Or maybe this proposal does not include full-time positions, but casual ones. They would also be short-term, temporary positions if Sim’s plan is to run this like a pilot project for the province to consider. In this case, who would want to take on these roles?
According to recent data, B.C. already has 4,265 vacant nursing positions.
There is a severe nursing shortage
Moral distress is one of many contributing factors to the adverse consequences of nursing work.
ABC’s own press release states that this part of their platform is rooted in an expansion to “Car 87/88,” a police program for mental health crisis intervention that partners officers with a registered nurse or registered psychiatric nurse from Vancouver Coastal Health’s access and assessment centre.
The VPD website is vague in describing Car 87/88’s range of assessment and interventions.
Based on our field experience, the Car 87/88 partnership’s main tool appears to be assessing whether an individual meets criterion for involuntary admission into the locked room of an institution, typically the psychiatric ward of a hospital, under the Mental Health Act. The province’s guide to enacting the Mental Health Act grants individual officers wide discretion in its application. Its use continues to increase, even without ABC's proposed staff expansion.
And while ABC’s platform calls the Car 87/88 program evidence-based, one would be hard-pressed to find a single evaluation of the program — not quite meeting the threshold for evidence-based practice.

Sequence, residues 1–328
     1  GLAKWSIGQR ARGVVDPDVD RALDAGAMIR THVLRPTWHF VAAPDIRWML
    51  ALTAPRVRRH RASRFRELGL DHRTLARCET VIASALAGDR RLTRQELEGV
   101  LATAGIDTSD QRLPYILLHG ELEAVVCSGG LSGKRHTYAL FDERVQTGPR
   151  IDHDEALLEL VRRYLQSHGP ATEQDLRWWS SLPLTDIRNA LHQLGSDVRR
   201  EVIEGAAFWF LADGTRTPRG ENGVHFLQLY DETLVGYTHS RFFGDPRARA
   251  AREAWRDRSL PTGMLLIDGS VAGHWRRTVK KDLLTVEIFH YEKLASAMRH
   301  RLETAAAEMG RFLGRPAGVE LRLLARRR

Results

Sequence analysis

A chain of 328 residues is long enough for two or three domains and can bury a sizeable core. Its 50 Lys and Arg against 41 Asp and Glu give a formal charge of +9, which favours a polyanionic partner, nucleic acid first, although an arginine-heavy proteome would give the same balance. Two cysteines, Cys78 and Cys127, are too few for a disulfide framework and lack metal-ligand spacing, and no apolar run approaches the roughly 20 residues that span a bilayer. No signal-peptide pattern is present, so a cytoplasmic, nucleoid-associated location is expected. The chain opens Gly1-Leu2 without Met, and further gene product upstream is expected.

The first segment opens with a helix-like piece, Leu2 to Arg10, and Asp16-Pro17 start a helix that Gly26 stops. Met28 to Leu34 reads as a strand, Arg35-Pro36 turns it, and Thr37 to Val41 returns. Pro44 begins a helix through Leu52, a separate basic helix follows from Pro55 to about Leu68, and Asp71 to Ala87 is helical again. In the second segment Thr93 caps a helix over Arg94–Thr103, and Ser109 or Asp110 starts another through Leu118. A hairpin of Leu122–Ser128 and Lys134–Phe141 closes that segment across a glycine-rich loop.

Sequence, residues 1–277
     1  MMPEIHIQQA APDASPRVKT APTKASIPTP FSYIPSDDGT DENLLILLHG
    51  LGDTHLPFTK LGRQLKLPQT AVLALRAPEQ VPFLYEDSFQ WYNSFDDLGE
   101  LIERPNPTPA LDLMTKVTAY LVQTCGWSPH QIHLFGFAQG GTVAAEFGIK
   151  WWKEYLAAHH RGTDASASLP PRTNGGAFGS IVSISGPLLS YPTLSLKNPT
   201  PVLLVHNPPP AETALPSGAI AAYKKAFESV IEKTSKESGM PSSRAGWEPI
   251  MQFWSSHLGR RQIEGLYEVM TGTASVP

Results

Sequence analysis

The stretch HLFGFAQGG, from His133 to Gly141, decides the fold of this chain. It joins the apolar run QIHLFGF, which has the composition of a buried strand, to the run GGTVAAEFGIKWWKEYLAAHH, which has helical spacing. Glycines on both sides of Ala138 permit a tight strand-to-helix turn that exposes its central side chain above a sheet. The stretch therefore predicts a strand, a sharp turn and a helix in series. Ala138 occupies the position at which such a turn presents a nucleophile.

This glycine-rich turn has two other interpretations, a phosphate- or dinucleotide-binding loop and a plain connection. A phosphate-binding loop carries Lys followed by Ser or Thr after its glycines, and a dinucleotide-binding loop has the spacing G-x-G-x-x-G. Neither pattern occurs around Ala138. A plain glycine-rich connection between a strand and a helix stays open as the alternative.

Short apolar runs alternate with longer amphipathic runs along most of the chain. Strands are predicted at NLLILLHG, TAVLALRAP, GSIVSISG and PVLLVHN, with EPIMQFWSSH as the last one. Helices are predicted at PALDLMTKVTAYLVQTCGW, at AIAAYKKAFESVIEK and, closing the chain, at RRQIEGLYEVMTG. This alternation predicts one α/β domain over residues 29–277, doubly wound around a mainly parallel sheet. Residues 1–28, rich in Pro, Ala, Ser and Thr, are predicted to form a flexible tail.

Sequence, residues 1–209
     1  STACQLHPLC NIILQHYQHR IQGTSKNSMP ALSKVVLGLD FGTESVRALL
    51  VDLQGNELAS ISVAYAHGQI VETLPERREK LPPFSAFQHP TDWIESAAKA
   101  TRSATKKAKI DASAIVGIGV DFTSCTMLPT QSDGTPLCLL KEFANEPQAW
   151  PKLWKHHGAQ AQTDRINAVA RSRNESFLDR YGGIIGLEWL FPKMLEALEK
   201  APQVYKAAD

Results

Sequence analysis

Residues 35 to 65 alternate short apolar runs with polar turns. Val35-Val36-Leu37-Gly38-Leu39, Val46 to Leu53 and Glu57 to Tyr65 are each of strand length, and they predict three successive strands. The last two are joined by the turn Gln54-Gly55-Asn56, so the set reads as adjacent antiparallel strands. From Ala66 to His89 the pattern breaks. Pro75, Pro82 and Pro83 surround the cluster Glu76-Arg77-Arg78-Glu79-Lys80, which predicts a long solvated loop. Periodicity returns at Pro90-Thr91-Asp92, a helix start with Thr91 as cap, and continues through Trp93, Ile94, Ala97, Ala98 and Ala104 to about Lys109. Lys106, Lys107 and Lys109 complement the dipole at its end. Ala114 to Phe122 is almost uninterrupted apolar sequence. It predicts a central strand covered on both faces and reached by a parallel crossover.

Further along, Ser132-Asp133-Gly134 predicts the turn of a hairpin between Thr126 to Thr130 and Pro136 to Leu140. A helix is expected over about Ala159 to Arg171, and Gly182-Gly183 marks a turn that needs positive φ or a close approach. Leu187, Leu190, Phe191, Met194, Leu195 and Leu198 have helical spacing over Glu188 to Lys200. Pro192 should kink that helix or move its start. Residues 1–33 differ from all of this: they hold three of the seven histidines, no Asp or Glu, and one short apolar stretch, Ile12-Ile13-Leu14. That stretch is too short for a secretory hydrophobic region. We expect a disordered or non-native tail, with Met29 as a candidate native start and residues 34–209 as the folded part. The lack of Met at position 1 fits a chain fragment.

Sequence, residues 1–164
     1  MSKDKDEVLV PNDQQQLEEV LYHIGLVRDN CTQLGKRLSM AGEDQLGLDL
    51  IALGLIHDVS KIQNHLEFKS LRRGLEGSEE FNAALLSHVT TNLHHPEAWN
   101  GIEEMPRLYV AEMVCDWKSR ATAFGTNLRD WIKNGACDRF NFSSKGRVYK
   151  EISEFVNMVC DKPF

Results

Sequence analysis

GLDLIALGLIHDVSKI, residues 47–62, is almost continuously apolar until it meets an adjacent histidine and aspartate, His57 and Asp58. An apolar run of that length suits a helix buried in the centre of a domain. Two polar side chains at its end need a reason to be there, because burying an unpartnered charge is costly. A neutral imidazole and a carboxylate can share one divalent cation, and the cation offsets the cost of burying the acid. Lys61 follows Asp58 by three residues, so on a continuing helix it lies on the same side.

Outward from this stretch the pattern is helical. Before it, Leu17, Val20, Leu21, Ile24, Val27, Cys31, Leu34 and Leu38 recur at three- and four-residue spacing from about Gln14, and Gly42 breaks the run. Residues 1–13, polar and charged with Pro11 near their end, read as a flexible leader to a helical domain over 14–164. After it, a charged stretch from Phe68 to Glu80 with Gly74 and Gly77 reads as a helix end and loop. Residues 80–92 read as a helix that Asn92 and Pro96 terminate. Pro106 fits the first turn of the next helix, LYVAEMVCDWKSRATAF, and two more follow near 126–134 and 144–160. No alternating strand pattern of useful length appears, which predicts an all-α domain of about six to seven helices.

These newly created nursing positions would have a strong proximity to Car 87/88 and involuntary admission to hospital for mental health care. Like other similar positions, this pushes up against the basic professional standards of registered nurses including collaborating with patients in their care. It is difficult to retain staff in these roles, even within established health organizations that are unionized and provide permanent job security.
As a point of interest, we are a social worker and a nurse. We both work on a Vancouver Coastal Health outreach team that struggles to retain five full-time, frontline nurses.
BC’s Mental Health Act is in an ethical crisis. ABC wants to expand it
B.C.’s Mental Health Act, a piece of provincial legislation that allows a person to be involuntarily admitted to hospital for mental health care if they meet specific critieria, is already mired in an ethical crisis.
The act was recently evaluated by the ombudsperson of British Columbia.
This report found that appropriate rights-based paperwork was completed in less than one-third of apprehensions. Coerced care apprehensions have risen under the act, arguably reactive measures to mental health crises, while the province’s mental health supports have become increasingly underfunded. Apprehensions under the act hit the 20,000 mark in 2016.
The Mental Health Act is misused with little oversight or accountability. It infringes on people’s autonomy, and in many cases causes more harm than good.
ABC has not been clear on how they will address these issues.
We find ABC’s pledge to be misleading, not rooted in the realities of health-care policy or best practice — and an infeasible promise for the city to keep.
It is a shameless campaign tactic playing on voters’ fears about public safety. It drives stigma by drawing on a narrative that mental health-related issues require a coercive response, something that is not typically helpful. Sim has called the city a “big business,” and states that if he can run it as such, “magical things are going to happen.”
Magical in terms of brand promotion, maybe — but not for the health and safety of the community.